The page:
Sebastian Gebski

Let's start with the question:

How does the organization you work for (outside of your team!) impact your everyday's work (as a software engineer)?

I mean:

  • what does the organization do to make you / help you become a better engineer?
  • what's being done to make your current workplace a better work environment?
  • do you feel your org believes that your potential & creativity can make a difference? or are you just to do (as literally as possible) what you're told to?
  • do you feel there's someone thinking about developing your potential long-term? in other words - do you feel like you're being invested into?

Not sure about what qualifies & what doesn't? OK, let's try some guiding questions ...

  1. what are your interactions with other teams except of these related to day-to-day project work?
  2. do you have any kind of influence on who you'll be working with (teams switching, recruitment)?
  3. what's the org's approach to experiments - do these officially exist? are they encouraged in any way?
  4. what are the ways knowledge is being shared in your work environment (project-specific, industry-specific, domain-specific, generic technical, ANY kind of knowledge)?
  5. how is your work (and / or work products) evaluated? based on what factors / metrics / opinions?
  6. where does your autonomy end? what's the level of trust your org puts in you?

Done? Good.

Software engineering ... culture?

What was the point in asking these questions? The answers to them are very helpful in assessing org's contribution in shaping the engineering culture of your workplace. Definition-wise:

Software engineering culture (SEC) is defined by values, behaviors, principles & actual practices (technical & non-technical as well) that are being actively promoted, encouraged & applied in everyday work of software engineers in your company (or unit or whatever).

Don't get me wrong -> SEC can't be "designed, packaged & literally executed" solely by the employer as it is being shaped (yes, a continuous process) by whole community (consciously or not), but companies & all levels of management can have a significant impact (especially negative) by promoting or blocking particular behaviours (thus affecting the conditions in the environment).

I have some observations & my conclusions are rather sad - majority of companies that employ programmers either don't understand or underestimate the importance of conscious building the proper software engineering culture.

Frankly speaking, in surprisingly many companies I've had some contact with, developers ...

  1. ... were supposed to turn requirements into working code. Period. End of (user) story. In their breaks they should not wander/talk to much, so others are not interrupted & can complete their tasks as well.
  2. ... should be happy, because they are paid well (better than in other industries) & that's what should matter. If they are unhappy, well, a raise can be considered if it's justified by sheer performance (efficiency, preferably measured with lines of codes committed / number of bugs fixed).
  3. ... should follow the well-trodden path: documented, stable, well-known, standardized (so even a monkey can take over if needed). The more deviation from the norm, the worse.

It's actually very typical that employer doesn't care about differentiating its own development unit from the competition (and then they wonder why people are not "loyal" at all ...) - the only shared values they can come up with are:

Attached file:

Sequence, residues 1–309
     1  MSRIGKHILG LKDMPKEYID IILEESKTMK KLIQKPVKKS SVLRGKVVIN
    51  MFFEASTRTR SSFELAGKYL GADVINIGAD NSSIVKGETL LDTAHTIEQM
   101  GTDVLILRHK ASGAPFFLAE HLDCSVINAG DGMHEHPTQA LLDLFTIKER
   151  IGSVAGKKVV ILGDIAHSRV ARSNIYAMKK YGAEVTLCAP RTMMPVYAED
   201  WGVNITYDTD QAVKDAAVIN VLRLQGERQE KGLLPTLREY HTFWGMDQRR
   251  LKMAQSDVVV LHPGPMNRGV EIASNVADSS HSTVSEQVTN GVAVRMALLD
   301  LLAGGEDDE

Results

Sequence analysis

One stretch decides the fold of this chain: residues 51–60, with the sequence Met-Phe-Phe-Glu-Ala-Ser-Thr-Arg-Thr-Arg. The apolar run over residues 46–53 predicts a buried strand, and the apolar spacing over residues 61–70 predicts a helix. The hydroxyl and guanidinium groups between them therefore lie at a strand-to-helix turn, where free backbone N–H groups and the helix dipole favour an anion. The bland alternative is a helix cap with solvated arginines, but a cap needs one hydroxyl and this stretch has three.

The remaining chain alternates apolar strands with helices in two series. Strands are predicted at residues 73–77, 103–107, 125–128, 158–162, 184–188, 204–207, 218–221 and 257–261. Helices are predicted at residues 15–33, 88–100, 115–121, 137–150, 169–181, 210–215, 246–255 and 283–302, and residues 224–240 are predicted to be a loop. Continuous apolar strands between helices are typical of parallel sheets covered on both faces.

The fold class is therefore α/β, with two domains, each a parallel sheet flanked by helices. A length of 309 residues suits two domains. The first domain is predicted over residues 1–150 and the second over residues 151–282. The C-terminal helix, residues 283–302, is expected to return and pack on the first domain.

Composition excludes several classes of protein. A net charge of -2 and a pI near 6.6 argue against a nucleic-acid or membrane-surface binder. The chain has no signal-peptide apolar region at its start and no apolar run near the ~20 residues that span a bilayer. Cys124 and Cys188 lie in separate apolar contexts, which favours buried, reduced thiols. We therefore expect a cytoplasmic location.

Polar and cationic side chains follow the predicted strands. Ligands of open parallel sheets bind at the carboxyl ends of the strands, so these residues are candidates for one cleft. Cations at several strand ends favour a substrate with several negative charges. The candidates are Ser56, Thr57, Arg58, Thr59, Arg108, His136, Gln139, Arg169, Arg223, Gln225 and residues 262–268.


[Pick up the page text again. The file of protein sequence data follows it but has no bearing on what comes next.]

• before the deadline
  • all "blockers" & "criticals" closed, "highs" with workadound, "medium" & below are ok

So what?

I acknowledge the fact that for many that may be just fine. It's just a work after all. An occupation. Cool.

What I don't like at all is that more & more passionate developers claim that this becomes more of a standard in the industry, even in companies that find themselves ambitious & operate in highly competitive markets - if you give it a thought or two, it looks like an outrageous waste.

For the sake of comparison, let's list some actions implemented by companies that understand the important of SEC (this list is inspired, but not limited to, by recent speech "Building an engineering culture", presented by Marek Kirejczyk at Agile By Example 2016):

  • organising & hosting conferences, meetups & other professional events for software developers (open for externals)
  • regular internal hackathons as occasions to try things out, learn & innovate
  • clear & transparent rules for controlled experiments
  • well thought (& carefully prepared) on-boarding aimed to make new-joiners feel special & infuse them with org's core values since the very first moment
  • high appreciation of individuals' various activities within professional communities - as conference / meet-up speakers, etc.
  • encouraged & promoted contribution to the Open Source products & open sourcing own products
  • not only providing various source of information & professional learning, but also arranging knowledge exchange with renown external experts & authorities
  • huge attention to recruitment process -> current team members come up with creative, unconventional ways of candidate verification, aimed find really good fits

Clearly, additional effort (... & money) is required to do all of that. Is it justified? Does it change anything in a way that it pays off? Would it matter for you - to work for an employer who implements such actions (if your one doesn't) or get rid of these actions (if that's what your current employer does right now)? Would it make you feel ... more proud? More engaged? Or maybe just to care more? Give you more purpose?

Let's leave it like this for now. I'll let you judge it by yourself without any more comments.

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